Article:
BRUSSELS: All metro train stations in Brussels will be closed on Saturday, the city’s public transport network said after Belgium raised the capital’s terror alert to the highest level, warning of an “imminent threat”.
“On the recommendation of the crisis center of the Federal Interior Public Service, all our metro and light railway stations . . . will stay closed today. This is a precautionary measure,” Brussels transport operator STIB said on its website.
“Buses will be running but some trams will be affected by this measure,” added the network, which said a decision would be taken “in consultation with relevant authorities and the police, day by day, whether to reopen the stations”.
As Europe tightens security a week on from the jihadist attacks in Paris that left 130 people dead, Belgium’s OCAM national crisis centre raised its alert level to 4 early Saturday, “signifying a very serious threat for the Brussels region”.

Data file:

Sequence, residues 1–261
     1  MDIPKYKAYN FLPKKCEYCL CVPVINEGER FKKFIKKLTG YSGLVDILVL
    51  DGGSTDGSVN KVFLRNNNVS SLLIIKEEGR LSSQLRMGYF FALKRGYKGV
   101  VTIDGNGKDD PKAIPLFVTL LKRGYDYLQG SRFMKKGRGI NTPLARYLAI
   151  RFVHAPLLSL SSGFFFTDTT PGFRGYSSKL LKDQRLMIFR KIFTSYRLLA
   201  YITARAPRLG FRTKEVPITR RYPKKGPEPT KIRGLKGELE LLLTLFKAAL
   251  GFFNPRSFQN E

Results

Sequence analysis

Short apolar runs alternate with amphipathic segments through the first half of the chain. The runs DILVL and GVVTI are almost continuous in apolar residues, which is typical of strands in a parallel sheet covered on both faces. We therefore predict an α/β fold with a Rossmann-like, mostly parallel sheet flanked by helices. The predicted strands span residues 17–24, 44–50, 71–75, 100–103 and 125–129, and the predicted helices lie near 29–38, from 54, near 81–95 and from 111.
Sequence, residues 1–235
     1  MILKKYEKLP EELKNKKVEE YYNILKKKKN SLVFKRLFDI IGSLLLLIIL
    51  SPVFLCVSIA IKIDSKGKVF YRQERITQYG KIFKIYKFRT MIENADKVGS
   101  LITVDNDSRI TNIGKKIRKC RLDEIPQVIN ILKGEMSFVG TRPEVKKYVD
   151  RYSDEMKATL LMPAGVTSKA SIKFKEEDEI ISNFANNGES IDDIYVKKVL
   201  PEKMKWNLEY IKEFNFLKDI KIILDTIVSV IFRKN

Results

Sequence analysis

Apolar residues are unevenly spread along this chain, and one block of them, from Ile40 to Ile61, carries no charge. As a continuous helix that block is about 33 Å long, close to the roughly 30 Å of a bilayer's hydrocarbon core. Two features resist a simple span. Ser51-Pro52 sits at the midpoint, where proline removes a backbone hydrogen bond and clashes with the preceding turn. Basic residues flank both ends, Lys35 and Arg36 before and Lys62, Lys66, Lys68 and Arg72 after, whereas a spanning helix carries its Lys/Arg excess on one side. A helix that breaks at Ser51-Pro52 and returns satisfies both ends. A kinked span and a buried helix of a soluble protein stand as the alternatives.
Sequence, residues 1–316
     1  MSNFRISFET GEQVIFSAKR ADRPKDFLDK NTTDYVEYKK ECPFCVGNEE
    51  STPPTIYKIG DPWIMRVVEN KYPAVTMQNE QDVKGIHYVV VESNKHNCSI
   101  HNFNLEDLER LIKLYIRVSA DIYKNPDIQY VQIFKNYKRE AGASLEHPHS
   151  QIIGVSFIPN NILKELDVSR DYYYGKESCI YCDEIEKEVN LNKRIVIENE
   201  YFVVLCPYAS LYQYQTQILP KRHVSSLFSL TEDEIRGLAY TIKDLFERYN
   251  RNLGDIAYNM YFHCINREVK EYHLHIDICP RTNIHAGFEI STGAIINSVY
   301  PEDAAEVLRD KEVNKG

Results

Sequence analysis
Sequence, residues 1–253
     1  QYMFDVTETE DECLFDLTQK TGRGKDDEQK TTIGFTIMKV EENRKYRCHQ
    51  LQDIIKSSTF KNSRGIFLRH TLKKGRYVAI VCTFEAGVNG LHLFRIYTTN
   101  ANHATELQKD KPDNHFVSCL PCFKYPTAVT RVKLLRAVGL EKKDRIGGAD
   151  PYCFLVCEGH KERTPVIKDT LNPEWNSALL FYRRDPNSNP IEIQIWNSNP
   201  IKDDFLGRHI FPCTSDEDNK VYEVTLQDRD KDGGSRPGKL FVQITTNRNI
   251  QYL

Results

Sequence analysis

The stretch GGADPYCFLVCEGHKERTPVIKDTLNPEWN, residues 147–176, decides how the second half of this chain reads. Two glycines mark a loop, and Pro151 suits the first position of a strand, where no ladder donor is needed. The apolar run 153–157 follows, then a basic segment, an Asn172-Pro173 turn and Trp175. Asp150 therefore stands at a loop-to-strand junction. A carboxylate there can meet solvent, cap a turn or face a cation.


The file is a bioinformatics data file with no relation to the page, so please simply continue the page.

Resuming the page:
The alert remains at level 3 for the rest of the country.
The center urged citizens to avoid crowded areas such as concerts and transport hubs in Belgium’s capital, which is also home to the European Union and NATO headquarters, and recommended that authorities in the Brussels region “consider canceling major events” including scrapping first and second division football matches this weekend.
The security alert came hours after a suspect arrested in Belgium was charged with terrorist offences in connection with the Paris attacks.
The suspect, who has not been identified, is the third to be charged in Belgium over the deadliest terror attacks in French history after Hamza Attou and Mohammed Amri were charged this week with aiding fugitive suspect Salah Abdeslam on the night of the attacks.
Brussels resident Abdeslam, whose brother Brahim blew himself up at a Paris bar, is believed to be in Belgium and is the subject of a huge manhunt.
The fugitive is closely linked with the alleged Paris attack ringleader Abdelhamid Aba-aoud, who was killed in police raid in the French capital on Wednesday.
Both grew up in the poor Molenbeek district of Brussels, described as an extremist hotbed, before going to join the Islamic State group in Syria.